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Critical vulnerabilities in WordPress tend to linger. Some website and plugin developers aren’t patching fast enough, says WordPress security specialist Patchstack in a recent report.

A survey by Patchstack shows that the number of WordPress vulnerabilities increased by as much as 150 percent in 2021. To date, 29 percent of these vulnerabilities are yet to receive an update. Patchstack researchers are concerned, as 43.2 percent of all websites run on WordPress.

Overall, 3.4 percent of the vulnerabilities found were critical. 18 percent of the vulnerabilities were major. The vast majority were labelled a medium risk.

Nearly half of all websites are vulnerable

The researchers indicate that approximately 42 percent of all WordPress websites now have at least one vulnerable component relative to the average 18 themes or plugins installed.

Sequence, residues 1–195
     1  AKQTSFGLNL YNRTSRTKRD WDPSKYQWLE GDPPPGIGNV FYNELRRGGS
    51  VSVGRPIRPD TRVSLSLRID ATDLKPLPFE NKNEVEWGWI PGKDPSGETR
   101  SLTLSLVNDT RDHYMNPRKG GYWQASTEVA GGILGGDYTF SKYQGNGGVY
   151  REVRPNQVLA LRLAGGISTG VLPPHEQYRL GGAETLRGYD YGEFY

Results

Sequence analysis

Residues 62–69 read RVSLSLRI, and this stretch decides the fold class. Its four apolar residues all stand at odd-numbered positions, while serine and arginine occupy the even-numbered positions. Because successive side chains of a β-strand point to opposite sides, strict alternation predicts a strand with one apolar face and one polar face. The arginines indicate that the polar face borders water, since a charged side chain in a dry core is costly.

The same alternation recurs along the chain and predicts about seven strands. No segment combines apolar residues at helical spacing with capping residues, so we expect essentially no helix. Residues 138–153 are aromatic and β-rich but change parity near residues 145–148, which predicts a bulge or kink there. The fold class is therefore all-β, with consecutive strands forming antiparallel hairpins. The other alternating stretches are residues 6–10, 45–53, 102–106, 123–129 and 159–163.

Furthermore, six of the 18 components are outdated and therefore more vulnerable. Most vulnerabilities were found in themes and plugins. The number of vulnerabilities in WordPress’ core made up roughly 0.5 percent.

Free plugins

The security specialists found 91 percent of the vulnerabilities in free plugins. Paid and premium add-ons were responsible for 9 percent. Patchstack reasons that the difference is due to better code review and proper testing procedures for paid plugins.

The study also shows that vulnerabilities affect multiple WordPress themes or plugins. The five major theme vulnerabilities affected 55 WordPress themes. The two most critical plugin vulnerabilities affected as many as four million websites.

In the past year, the most frequently found vulnerabilities concerned cross-site scripting (XSS), followed by cross-site request forgery, SQL injections, and arbitrary file uploads.

Work to be done

Patchstack researchers conclude that there’s work to be done in the security of WordPress environments. Patchstack advises users to utilise paid plugins over free plugins, limit the number of add-ons and patching themes and plugins when possible.